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A Medical Look at Dysphagia

By Valeri Thelen, Staff Writer

(Page 1 of 3)

The Agency for Health Care Policy and Research estimates that more than 60,000 Americans die from complications associated with swallowing difficulties each year—more than liver and kidney disease, as well as HIV/ AIDS combined.

Swallowing difficulties are a serious problem for many loved ones and a stress factor for caregivers nationwide. There are four main families of dysphagia, which have many of the same symptoms, but different causes and treatments.

First, preparatory dysphagia is the actual loss of smell or taste sensation and saliva. It also includes weak chewing muscles as well as painful gums and cheeks.

Second, oral dysphagia is caused when part of the tongue is missing and there is then impaired tongue control and sensory loss.

Esophageal dysphagia is the sensation of food sticking in the base of a loved one’s throat or chest. There are quite a few causes of this dysphagia, ranging from narrowing or weakening of the esophagus muscles to food or other objects causing obstruction.

Oropharyngeal dysphagia relates to nerves and weakened throat muscles, making it difficult to move food from the mouth to the throat and esophagus. This is mainly caused by neurological disorders or cancer, causing choking, gagging or coughing when a loved one attempts to swallow.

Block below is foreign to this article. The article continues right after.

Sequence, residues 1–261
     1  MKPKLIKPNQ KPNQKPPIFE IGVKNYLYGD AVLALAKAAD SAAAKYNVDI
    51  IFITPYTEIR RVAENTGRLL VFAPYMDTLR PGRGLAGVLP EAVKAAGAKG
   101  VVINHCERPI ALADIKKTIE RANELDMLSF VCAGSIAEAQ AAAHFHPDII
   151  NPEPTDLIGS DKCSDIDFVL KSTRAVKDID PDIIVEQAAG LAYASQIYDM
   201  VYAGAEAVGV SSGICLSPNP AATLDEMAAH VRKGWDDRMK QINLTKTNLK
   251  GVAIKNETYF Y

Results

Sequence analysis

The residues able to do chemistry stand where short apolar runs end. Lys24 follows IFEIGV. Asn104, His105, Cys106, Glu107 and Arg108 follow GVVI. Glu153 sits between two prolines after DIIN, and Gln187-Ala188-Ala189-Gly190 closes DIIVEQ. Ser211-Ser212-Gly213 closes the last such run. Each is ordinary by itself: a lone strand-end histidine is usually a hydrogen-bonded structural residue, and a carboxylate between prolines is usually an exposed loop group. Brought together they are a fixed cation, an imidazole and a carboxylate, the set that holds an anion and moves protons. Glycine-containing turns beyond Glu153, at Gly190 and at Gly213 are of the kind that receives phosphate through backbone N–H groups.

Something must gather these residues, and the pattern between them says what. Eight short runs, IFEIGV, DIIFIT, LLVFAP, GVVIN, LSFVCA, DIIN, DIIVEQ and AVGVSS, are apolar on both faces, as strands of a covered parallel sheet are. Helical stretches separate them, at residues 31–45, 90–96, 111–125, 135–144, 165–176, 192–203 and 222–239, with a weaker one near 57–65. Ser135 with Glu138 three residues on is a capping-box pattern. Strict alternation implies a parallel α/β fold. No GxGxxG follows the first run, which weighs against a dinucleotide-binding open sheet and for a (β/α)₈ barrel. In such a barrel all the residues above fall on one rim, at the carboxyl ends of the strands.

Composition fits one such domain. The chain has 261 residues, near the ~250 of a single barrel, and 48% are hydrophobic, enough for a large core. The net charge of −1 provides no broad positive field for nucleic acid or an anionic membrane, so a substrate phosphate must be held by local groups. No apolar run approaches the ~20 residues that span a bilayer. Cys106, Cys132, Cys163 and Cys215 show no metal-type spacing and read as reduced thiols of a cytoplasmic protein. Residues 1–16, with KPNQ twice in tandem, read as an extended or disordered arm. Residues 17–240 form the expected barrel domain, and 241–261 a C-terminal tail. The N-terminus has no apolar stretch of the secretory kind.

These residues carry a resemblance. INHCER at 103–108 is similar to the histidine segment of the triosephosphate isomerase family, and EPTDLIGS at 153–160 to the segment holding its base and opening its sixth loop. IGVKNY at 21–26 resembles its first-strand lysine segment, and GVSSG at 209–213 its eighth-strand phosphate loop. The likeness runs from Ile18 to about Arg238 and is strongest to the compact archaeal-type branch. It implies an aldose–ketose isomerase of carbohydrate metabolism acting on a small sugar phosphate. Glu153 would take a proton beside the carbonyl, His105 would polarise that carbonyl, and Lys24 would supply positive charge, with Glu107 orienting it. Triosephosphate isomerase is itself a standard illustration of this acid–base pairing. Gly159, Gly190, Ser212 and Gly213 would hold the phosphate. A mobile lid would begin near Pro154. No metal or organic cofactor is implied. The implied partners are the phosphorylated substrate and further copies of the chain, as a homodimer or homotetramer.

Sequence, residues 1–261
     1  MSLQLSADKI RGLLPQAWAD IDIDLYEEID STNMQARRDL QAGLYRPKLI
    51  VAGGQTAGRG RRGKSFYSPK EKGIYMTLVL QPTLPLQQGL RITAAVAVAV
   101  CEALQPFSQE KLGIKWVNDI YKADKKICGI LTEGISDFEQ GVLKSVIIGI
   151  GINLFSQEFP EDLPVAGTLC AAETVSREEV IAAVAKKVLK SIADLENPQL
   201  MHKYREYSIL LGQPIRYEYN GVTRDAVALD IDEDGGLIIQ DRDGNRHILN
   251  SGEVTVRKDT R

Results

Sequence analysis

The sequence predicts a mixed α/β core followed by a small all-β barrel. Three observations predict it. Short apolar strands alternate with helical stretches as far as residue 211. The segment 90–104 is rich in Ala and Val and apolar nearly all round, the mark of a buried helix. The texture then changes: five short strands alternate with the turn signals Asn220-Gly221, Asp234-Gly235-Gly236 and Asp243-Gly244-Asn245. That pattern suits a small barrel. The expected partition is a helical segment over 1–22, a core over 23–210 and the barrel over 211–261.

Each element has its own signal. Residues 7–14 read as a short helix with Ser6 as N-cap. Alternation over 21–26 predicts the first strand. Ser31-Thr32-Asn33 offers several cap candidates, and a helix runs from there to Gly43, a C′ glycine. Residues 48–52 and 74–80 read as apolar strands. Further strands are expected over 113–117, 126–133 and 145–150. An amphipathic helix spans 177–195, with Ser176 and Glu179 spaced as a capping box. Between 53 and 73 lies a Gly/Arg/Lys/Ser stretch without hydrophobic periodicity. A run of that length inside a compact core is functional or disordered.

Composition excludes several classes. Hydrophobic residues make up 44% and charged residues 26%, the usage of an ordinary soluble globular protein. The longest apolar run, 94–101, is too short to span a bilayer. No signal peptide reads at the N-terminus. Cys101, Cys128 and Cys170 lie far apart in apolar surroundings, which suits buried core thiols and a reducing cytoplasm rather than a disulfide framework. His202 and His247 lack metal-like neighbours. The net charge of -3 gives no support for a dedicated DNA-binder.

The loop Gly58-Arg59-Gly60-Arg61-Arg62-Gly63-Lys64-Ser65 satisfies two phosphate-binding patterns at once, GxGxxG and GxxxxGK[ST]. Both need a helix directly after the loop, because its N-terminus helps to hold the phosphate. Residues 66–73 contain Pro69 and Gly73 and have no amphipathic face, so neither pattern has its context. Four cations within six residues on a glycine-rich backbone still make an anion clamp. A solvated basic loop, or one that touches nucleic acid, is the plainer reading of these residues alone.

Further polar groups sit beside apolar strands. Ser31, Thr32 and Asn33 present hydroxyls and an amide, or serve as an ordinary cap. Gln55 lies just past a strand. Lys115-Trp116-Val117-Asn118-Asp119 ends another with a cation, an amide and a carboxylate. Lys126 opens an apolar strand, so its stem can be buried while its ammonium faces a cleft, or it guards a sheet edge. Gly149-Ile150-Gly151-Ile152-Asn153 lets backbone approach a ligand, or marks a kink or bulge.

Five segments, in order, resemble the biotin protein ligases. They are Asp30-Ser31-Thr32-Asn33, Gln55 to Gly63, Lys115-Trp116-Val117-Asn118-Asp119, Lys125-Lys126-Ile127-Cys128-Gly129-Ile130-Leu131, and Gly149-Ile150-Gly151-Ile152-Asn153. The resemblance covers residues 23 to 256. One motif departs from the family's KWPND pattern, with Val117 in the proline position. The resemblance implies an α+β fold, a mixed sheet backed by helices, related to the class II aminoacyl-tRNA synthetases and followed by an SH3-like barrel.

Regardless of the type, dysphagia can be debilitating to a loved one’s daily life, but is also treatable. Each diagnosis and treatment is as unique as the person suffering from the swallowing disorder.


The signs and symptoms that a caregiver should be aware of if suspecting dysphagia include:

  • Pain while swallowing
  • Inability to swallow
  • Sensation of food getting stuck in the throat or chest, or behind breastbone
  • Increased drooling
  • Hoarseness
  • Bringing food back up (regurgitation)
  • Frequent heartburn
  • Food or stomach acid backing up into a loved one’s throat
  • Unexpected weight loss
  • Coughing or gagging when swallowing


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